Authoritative Content

Geospatial World: How on-farm weather stations are advancing precision agriculture - Last week I asked if this is an authoritative article and why or why not. I promised to share my response this week. This is not an authoritative source based on my examination. Here's what I found:

- The author, Allen Brown has a generic bio that includes no experience in geospatial or weather technology. In fact, if you google the text of the generic bio you find he prepares similar articles on topics including apps, Android and hemp oil. He may well go by more than one name; see the hemp oil article penned by Peter King, who has the same bio! My guess is he's makes a living writing articles for content marketing services.

- There is one direct link in the on-farm water station article to WeatherStationAdvisor.com. I'd guess the company paid for the article to be written. The company is mentioned in passing in the context of an entire paragraph about that site solving the weather station selection process.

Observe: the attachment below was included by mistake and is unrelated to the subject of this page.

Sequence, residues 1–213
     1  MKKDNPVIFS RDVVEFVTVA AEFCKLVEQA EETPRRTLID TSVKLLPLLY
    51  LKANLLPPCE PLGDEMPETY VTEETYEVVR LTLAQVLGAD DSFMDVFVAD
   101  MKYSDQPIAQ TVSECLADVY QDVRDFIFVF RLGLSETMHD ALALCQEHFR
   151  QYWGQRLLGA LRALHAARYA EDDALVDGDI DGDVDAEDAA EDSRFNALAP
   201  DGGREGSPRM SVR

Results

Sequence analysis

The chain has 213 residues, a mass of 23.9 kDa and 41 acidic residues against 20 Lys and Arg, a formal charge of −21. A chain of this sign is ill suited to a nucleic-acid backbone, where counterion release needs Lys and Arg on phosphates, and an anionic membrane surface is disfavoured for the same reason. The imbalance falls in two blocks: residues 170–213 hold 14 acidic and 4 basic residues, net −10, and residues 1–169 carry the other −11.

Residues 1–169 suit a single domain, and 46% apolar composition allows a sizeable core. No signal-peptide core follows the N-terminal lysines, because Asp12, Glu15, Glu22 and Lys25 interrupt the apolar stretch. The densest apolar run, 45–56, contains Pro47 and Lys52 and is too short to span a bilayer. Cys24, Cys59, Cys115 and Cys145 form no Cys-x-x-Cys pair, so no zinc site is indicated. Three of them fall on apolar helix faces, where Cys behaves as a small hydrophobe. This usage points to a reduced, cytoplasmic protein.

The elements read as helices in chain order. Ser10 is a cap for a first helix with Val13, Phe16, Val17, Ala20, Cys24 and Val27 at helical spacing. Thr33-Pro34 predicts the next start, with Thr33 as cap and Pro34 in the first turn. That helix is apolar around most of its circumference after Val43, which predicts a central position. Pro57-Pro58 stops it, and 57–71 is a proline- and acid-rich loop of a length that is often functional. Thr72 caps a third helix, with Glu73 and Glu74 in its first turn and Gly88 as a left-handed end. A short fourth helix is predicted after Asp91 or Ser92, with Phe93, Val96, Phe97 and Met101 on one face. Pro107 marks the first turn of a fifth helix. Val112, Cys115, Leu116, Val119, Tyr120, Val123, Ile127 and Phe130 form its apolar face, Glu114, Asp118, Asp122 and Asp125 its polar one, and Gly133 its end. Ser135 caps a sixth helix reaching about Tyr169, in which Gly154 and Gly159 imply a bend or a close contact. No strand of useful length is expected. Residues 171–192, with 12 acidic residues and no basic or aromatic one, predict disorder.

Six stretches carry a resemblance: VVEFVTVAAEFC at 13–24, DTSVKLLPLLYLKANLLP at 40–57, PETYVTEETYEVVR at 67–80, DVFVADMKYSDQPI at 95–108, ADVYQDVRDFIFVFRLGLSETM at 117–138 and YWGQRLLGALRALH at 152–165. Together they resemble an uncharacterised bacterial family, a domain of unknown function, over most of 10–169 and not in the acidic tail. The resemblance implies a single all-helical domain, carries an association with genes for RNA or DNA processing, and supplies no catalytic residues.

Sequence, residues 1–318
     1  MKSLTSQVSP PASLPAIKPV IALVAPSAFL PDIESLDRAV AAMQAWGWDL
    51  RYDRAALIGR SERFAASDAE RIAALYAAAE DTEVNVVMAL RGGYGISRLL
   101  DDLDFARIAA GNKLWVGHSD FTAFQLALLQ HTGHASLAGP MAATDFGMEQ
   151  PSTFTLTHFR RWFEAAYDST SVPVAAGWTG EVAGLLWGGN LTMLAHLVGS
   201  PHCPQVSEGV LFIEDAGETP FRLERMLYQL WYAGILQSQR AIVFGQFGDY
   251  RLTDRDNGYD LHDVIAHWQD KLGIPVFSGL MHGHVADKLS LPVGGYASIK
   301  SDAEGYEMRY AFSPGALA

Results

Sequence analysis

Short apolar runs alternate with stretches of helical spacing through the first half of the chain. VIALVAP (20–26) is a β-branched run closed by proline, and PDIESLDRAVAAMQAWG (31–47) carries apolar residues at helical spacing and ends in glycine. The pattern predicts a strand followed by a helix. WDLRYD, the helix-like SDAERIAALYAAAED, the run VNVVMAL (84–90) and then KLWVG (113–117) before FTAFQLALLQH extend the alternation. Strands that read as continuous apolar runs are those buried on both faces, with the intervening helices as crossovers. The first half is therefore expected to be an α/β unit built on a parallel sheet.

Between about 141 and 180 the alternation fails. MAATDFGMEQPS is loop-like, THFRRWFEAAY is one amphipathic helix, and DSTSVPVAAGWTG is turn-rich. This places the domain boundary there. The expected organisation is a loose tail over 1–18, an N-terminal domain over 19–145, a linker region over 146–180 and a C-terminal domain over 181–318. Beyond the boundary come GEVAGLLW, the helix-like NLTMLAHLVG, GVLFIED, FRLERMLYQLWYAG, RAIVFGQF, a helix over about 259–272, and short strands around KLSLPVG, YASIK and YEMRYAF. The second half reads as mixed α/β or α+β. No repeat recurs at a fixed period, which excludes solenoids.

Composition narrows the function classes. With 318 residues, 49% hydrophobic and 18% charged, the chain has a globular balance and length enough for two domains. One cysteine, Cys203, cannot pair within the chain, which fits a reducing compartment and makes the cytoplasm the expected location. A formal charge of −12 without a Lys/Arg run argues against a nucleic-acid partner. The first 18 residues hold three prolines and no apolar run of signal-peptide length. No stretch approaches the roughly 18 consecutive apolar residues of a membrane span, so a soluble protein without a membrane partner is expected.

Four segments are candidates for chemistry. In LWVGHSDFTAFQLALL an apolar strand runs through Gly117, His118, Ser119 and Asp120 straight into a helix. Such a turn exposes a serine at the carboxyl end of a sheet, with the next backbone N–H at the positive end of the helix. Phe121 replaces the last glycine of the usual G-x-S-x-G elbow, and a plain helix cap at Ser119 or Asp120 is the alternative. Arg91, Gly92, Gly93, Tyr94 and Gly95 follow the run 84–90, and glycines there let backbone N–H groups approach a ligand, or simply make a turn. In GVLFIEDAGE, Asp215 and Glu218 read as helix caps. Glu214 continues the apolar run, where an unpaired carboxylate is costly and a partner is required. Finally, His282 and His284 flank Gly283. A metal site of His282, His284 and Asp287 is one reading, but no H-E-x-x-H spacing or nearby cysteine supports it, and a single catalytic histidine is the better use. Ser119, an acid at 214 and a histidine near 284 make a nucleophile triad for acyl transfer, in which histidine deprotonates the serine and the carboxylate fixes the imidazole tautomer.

- The article is posted on the Geospatial World blog where I've found other less than authoritative  articles including this one suggesting a new Google tech that was four years old! The blog's description states "Featured Geospatial Blogs by our team that gives you the insight into technology, applications and business trends in the geospatial industry. Read the latest blog posts here!"

- I contacted the publication to ask if the editorial staff felt the content was authoritative. I did not receive a response.

On and Off Campus

Purdue: Drones shown to make traffic crash site assessments safer, faster and more accurate - Conventional mapping of a severe or fatal crash can take two to three hours depending on the severity of the accident; data collection using a drone can map a scene in five to eight minutes.